Was the approach to making the album immediate as well? It sounds very now, like pandemic fatigue was setting in while you were working.
As a songwriter, I push myself to keep writing songs — even if it’s not for a specific purpose — as a way to stay grounded and stay feeling productive because it’s something that I can do pretty much in any situation. So during a pandemic where the rest of your life is gone, right, that was a grounding thing to grab on to.

But then at the same time, I really didn’t wanna write about the pandemic, you know? I didn’t want to sit down and try to write “these swing for the fences [songs], and this is the song that’s gonna like solve the pandemic!” It wasn’t like that, either. It was just like: This song made sense to me and I know the meaning behind it. And then kind of realizing then, too — as you’ve been accumulating songs over such a unique period of time that — well, in order to move on, I just want to do something with these songs.

Do you have insomnia? A lot of these songs felt like they came from late-night reminiscing.
Yeah, and especially even relating to the title… silverfish eat books, they eat records… and I have a very large vinyl collection; I have a large book collection. So silverfish are these insects that I’ll every once in a while see scurry across the floor and then I’m like, “All right I need more cedar chips… How do I get rid of these silverfish?”

But you spend a year and a half locked inside of your apartment and, I don’t know, they became a metaphor in a way. You know, songs are only about like two or three things ever, right? Love songs dominate the world, right? And if you’re in a year where you’re basically not living, you’re inside your apartment, it’s then only going to be natural that you’re thinking back to your past adventures, past lives, past things that happened and then to feel in ways that it’s slipping away, that you feel the decay that’s eating away at your memories.

And you’re like, “Wait, how did that happen again?” Or, “Wait, when was the last time I saw you?” Or like, “Wait, how did it all go down?” You feel like you’re battling to hold on with that, right or wrong. I feel like that. And that plays into insomnia, too. There’s late nights up where you’re haunted by the memory of something and what do you do with that? I tend to write songs with that.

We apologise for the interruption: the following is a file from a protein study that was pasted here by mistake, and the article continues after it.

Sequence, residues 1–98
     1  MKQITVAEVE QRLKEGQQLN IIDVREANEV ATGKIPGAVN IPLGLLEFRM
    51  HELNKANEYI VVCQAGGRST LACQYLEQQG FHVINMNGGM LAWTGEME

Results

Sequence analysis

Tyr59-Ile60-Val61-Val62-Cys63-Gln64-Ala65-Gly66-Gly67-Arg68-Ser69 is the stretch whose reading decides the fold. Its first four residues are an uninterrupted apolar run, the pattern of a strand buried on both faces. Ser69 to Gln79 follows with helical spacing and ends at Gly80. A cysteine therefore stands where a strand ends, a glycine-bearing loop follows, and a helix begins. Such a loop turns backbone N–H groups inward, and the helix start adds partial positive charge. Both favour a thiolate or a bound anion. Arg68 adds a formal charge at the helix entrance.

You recorded at home, but how did St. Louis end up being in the mix?
I found a studio spot there and I’m taking a chance on this studio spot and trying to get something going for the next Against Me! record, for whatever the next record record is. It used to belong to Jay Farrar from Sun Volt. It had been sitting empty, so I just kind of stumbled into it, like I needed a change from Chicago.

I was freaking the fuck out here and so saw the opportunity to go there and I had this Audible project that I just finished that just came out recently that I recorded there. And so after we did the Audible project, I just jumped right into this and that was kind of the first thing that happened there. After a year and a half of not really being able to turn up an amp inside my apartment, I needed a space where I can go to and be as loud as fucking possible whenever I want.

What are your plans coming up for Against Me!? You mentioned potentially recording Against Me! in St. Louis?
That’s the hope that we’re moving into now. It’s been tough. Being in something that’s moving, moving, moving for 20 years to then have it come to a complete stop, it takes a second to get going again. And with everyone being in different places, we needed a place where we can meet up, make it happen, so that’s kind of what I’m hoping to be moving into now.

I’m glad that you’re so prolific right now. It’s good to see people who aren’t fully shutting down during all of this.
Right on! I’m going to go back to lying on the floor now and just curl up in a ball and cry, but, yeah!